The head chef treated us bussers the worst. We would joke about ways to kill him. My brother thought he’d make a decent barbecue--head and entrails removed, of course. I wondered if his acrid attitude would bleed into his flavor like bad meatloaf.

Bro and I finally earned enough money. Bought new sets of skis, met with potential renters.

Hit the road, opened our lives to the unexpected…

…funny thing about chance.

Fat eggs rotting on the counter.

Head chef bludgeoned to the bone.

Police on our tail.

Luck dissipating with the meatloaf stink that isn’t ours.

David Wooddell said...

“Bon chance, monsieur” Smiling as though luck brought us together, the young lady wanted to hand me a croissant. Rotten fate intervened. I am morbidly allergic to wheat. And probably to this damsel with fair hair, an upright carriage, and a pert nose. The woman had intrigued me for weeks. I’d thought, when we met, the chemistry would be good between us. It was that special kismet you read about. She was a chef specializing in all things wheat. And when I stood too close to her, my eyes itched. I sneezed, and whispered “Adieu.”

Anonymous said...

“What are you doing!? I said give Lucky a bone, not Kismet.”
“I’m sorry. I can’t tell them apart. Pugs are all so similar.”
“What? We’ve been together for two months and you can’t tell my pugs apart?”
“What are the chances that a man would have twin pugs?”
“Chances!? It was fate that brought me these two! Get out. Get out of my life.”

RKirkman said...

Bleedin’ luck. My heel, snapped in a crack in the sidewalk.

I leaned against the building to break off the other heel—the zombie stride not being attractive, or efficient. I would miss the Chancellor’s reception now.

I looked up. Our eyes met through the Kismet Cafe window.

It was fate. In Prague, he had shoved me away from a runaway motorcycle.

He motioned me in.

“Rabbit.” He pointed to the Chinese Zodiac placemat.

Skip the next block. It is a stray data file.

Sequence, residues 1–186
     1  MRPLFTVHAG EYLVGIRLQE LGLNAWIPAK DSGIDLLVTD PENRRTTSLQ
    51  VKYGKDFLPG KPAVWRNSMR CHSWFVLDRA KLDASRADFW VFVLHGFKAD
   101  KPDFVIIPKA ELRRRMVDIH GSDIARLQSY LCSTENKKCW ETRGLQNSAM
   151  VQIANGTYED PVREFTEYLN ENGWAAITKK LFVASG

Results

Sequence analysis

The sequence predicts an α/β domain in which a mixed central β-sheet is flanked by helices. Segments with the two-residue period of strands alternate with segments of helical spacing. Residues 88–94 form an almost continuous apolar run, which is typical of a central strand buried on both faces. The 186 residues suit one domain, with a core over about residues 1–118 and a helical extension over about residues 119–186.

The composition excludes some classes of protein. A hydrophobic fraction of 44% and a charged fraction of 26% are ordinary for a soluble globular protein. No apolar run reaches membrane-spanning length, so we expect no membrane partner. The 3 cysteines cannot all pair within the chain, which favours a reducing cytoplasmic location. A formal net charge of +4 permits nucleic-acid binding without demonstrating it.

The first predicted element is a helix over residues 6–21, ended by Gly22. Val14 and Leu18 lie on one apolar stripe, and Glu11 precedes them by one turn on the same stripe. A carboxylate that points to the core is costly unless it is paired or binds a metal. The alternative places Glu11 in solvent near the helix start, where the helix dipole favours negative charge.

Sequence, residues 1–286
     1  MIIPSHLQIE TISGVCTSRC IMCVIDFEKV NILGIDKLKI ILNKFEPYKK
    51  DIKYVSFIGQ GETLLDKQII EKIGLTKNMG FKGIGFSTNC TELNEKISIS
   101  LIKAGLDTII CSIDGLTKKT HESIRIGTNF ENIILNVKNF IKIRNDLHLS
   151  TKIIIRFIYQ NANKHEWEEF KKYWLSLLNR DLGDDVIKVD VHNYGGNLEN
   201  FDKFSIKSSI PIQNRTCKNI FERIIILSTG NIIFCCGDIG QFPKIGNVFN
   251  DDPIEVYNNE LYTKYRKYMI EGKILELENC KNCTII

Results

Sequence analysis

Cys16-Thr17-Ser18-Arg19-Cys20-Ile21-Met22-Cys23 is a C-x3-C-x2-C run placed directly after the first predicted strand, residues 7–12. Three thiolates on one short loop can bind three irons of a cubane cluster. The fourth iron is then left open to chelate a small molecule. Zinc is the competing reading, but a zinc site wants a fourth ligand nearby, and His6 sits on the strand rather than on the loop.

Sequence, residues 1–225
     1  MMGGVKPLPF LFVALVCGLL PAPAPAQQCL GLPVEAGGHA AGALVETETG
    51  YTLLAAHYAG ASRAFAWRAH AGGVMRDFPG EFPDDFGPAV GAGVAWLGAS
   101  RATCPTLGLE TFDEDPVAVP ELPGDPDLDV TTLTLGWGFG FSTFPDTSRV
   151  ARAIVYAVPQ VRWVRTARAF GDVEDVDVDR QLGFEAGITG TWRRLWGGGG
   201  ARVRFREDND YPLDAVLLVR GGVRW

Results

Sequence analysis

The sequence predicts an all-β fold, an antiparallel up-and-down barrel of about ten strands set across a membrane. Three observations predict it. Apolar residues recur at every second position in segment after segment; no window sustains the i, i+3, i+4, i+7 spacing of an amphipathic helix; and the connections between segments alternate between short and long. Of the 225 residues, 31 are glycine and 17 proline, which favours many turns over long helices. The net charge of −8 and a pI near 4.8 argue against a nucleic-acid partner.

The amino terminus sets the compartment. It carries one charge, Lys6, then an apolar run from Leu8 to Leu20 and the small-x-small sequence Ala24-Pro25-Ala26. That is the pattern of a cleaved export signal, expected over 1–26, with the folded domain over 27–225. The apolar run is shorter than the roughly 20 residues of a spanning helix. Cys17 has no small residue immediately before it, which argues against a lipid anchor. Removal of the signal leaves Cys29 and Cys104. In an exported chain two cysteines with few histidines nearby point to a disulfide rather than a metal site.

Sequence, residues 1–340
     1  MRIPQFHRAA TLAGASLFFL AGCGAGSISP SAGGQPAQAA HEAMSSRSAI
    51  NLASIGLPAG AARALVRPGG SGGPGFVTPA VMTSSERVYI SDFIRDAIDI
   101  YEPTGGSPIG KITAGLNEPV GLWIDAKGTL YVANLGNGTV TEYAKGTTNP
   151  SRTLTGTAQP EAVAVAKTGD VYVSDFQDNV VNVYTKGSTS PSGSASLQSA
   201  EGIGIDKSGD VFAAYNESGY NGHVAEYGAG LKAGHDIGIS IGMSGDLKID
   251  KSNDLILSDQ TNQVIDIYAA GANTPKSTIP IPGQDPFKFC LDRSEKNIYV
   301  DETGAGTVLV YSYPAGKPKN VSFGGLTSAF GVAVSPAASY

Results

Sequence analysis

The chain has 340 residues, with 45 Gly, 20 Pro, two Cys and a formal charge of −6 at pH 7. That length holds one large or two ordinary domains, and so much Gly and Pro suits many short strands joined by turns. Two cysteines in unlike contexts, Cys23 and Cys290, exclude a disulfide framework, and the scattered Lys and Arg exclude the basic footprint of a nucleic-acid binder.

“Rabbit?” I sat. “I never got your name.”

“Bond. James Bond.”

“Double-oh seven,” I said, as I screwed on the silencer in my purse.

Ly Kesse said...

"Nyah, what's up, Doc?" the rabbit asked the duck. **chomp, chomp**

"Thuffering thuccotash." Spittle spewed from its bill. "All I wanted was a chance."

"This is a hard business, ya know." The rabbit stood straight. "Who knows what fate holds for ya? Some folks get all the luck."

The duck swallowed hard. "Only bupkis." A tear ran down its cheek.


"Yeah, bupkis. #Me, too." The duck spit out a tooth, which bounced on that ribbon of highway.

"This land was made for you and me," crooned the rabbit.

Tears welled in the duck's eyes.

Just Jan said...

“Kis’ me, Tom,” she purred. Her Soviet accent was as fake as her jugs, but I took her home to Mother anyway.

“Femme fatale wannabe,” Mother proclaimed. “Your relationship has as much chance as a snowball in Hades.”

As it turned out, it was Mother’s pussy, Bon-Bon, who sealed our fate.

“Cat scratch fever,” the doctor declared, pulling the sheet up over my beloved.

I stumbled home only to find Mother being dragged away, handcuffed and kicking, by two men in black. “Luck of the Irish,” she spat. “How was I to know your gal was on our side?”

Anonymous said...

Luc killed it out there tonight. But then he would: his butterscotch ancestry and debonair grin won the judges’ hearts before his angelic voice sounded a single note.

“I hate Luc,” I say.

“Me too, definitely,” says Abeba.

“His ego’s fat enough already,” I say. “I hope he trips.”

“Luc’s too graceful to trip.”

“Maybe he’ll catch the flu,” I say.

TV quackism etiquette says contestants can’t be sick, though.

Luc will win the record deal. The money. The glory.

Eventually Abeba whispers, “We’re still voting for him, right?”

I don’t look at her as I dial.

I hate myself.